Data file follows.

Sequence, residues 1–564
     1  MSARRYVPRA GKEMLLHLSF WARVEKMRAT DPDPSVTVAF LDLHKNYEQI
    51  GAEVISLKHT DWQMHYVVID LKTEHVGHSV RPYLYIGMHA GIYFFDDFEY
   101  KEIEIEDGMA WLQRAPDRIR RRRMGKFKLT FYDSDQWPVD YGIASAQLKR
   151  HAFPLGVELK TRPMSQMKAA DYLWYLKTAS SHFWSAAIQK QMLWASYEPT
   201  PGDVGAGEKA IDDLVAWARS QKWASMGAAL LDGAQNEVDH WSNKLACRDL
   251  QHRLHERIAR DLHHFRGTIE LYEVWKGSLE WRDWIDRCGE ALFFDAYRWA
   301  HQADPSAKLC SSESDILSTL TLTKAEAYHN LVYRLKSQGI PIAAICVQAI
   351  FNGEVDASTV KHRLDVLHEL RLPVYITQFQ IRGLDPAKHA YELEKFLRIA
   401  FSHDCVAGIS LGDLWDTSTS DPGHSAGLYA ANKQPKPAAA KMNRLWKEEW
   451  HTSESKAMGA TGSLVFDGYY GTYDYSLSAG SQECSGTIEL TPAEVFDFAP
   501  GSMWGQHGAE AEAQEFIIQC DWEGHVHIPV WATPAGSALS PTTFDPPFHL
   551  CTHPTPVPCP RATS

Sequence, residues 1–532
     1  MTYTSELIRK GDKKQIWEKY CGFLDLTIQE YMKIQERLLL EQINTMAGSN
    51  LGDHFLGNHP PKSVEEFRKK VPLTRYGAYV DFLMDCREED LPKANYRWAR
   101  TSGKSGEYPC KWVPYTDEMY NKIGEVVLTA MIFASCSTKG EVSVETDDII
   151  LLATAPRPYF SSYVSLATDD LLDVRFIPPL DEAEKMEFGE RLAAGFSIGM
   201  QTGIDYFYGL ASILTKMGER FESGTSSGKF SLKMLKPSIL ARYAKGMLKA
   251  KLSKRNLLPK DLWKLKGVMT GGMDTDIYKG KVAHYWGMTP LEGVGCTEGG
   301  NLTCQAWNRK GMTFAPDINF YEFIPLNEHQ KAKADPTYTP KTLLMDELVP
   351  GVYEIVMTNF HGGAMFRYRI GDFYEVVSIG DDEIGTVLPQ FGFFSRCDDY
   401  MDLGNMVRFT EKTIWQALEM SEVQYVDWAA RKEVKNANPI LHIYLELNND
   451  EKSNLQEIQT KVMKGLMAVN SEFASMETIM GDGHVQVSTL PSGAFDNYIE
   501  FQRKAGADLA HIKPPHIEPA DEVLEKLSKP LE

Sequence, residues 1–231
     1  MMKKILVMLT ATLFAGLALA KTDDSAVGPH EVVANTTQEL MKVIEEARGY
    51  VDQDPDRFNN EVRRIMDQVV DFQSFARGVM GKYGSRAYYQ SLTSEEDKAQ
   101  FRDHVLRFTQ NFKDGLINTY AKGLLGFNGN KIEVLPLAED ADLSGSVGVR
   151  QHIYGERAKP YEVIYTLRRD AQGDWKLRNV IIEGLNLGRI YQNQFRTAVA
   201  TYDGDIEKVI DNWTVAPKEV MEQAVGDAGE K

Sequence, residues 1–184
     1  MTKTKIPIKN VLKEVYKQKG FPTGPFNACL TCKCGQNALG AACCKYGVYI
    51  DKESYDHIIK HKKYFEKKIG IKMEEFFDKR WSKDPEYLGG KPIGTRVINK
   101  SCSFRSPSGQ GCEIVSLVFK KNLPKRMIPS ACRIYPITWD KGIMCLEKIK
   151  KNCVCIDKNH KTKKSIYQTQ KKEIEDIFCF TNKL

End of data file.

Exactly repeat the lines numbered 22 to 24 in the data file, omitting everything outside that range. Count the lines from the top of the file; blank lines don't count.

   351  GVYEIVMTNF HGGAMFRYRI GDFYEVVSIG DDEIGTVLPQ FGFFSRCDDY
   401  MDLGNMVRFT EKTIWQALEM SEVQYVDWAA RKEVKNANPI LHIYLELNND
   451  EKSNLQEIQT KVMKGLMAVN SEFASMETIM GDGHVQVSTL PSGAFDNYIE